At this speakeasy on Division Street, a floor-length, gray velvet curtain separates the entryway from the main bar. It’s the first sign that the Patterson House is a kind of cool you don’t experience many places. To get in, there must be a seat for you. No seat, no drink. It all contributes to the upscale but relaxed environment where the bartenders will engage with you at length before recommending one of their custom-crafted cocktails.
In addition to the drinks, you’ll also find a menu featuring delicious bites like shrimp corn dogs, fried brie, and fried chicken po boy sliders. It gets busy here, so show up near opening or closing time if you don’t want to wait. It’s worth it to see this institution when you visit Nashville.
The Gaylord Opryland is like an indoor city. With more than 15 restaurants and bars, 2800+ rooms, and lots of shops and other features, I’m embarrassed to say how many times we got lost during our stay here. (OK, I got lost. Lance is annoyingly good with directions.)
If you’re looking for an easy-to-manage adventure with everything you need in one spot, this is it. Take a boat ride through the hotel, watch a radio broadcast in the on-site studio, or check out their water park called Soundwaves where you can slide, swim, or float the lazy river. The choices for things to do here are insane.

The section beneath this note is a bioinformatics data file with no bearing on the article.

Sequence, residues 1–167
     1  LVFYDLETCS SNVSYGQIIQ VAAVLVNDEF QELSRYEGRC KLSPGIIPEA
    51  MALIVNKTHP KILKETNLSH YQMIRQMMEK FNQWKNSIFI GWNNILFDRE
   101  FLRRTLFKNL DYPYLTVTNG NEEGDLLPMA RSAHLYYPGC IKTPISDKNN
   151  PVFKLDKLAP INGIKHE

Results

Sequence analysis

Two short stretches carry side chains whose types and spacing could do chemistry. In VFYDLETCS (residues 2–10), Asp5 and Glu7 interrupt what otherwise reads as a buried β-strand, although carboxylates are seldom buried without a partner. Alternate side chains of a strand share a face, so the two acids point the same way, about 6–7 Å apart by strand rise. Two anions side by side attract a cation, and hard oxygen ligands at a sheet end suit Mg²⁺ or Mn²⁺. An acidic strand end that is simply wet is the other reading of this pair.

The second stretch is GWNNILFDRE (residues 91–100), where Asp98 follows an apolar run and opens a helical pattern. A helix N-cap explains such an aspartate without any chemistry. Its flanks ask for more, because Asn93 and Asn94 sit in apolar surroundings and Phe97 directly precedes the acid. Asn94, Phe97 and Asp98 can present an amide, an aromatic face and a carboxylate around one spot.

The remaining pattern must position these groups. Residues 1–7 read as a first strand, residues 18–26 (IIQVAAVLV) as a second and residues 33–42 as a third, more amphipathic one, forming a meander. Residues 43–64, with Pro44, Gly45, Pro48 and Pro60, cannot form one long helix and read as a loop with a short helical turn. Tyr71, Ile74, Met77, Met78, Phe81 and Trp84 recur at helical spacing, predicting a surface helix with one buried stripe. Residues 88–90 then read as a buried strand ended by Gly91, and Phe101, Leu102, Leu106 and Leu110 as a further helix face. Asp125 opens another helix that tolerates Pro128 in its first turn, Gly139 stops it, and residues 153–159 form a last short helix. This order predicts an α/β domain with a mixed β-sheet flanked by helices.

Arnold’s Country Kitchen
“Meat & 3” (meat and three vegetables) is a staple of home cooking in the South, and almost nowhere does it as well as Arnold’s Country Kitchen. In a city that averages a new restaurant opening every week, Arnold’s has been consistent for 30 years, even winning two James Beard awards. Put lunch here on your list of what to do in Nashville, and plan ahead because the line can be long.
Andrew Jackson’s Hermitage
The Hermitage plantation was the home of Andrew Jackson, the seventh President of the United States, and his family from 1804 until his death in 1845. The 1100-acre property includes the mansion and garden (including a tomb), former cotton fields, and several 19th-century cabins that housed enslaved people.
One of the more historical things to do in Nashville, a tour of the Hermitage’s museum and grounds paints a picture of a popular but complicated president with a fiery personality and provides information about the lives of the enslaved people on the plantation. Guides inside the mansion provide commentary about life in the house and are proud to point out that the Hermitage is the most accurately-preserved of the early Presidents’ homes.
Book ahead to tour President Andrew Jackson’s Hermitage
21c Museum Hotel
It’s not uncommon for hotels to have artwork, and very high-end hotels sometimes even have artwork by people with highly recognizable names. What is uncommon, though, is for a hotel to actually be a museum. That’s what we found at the 21c Museum Hotel.
When we walked in, there was some sculpture, some beautiful portrait photography—all typical enough. But near the check-in desk is where we found the installation of the woman holding the leash to the puma skin rug. Exhibits—of all these types and more—rotate regularly in the galleries that are open to the public every day. Twice a week, there are even tours by docents. Stop in for a unique experience.
Country Music Hall of Fame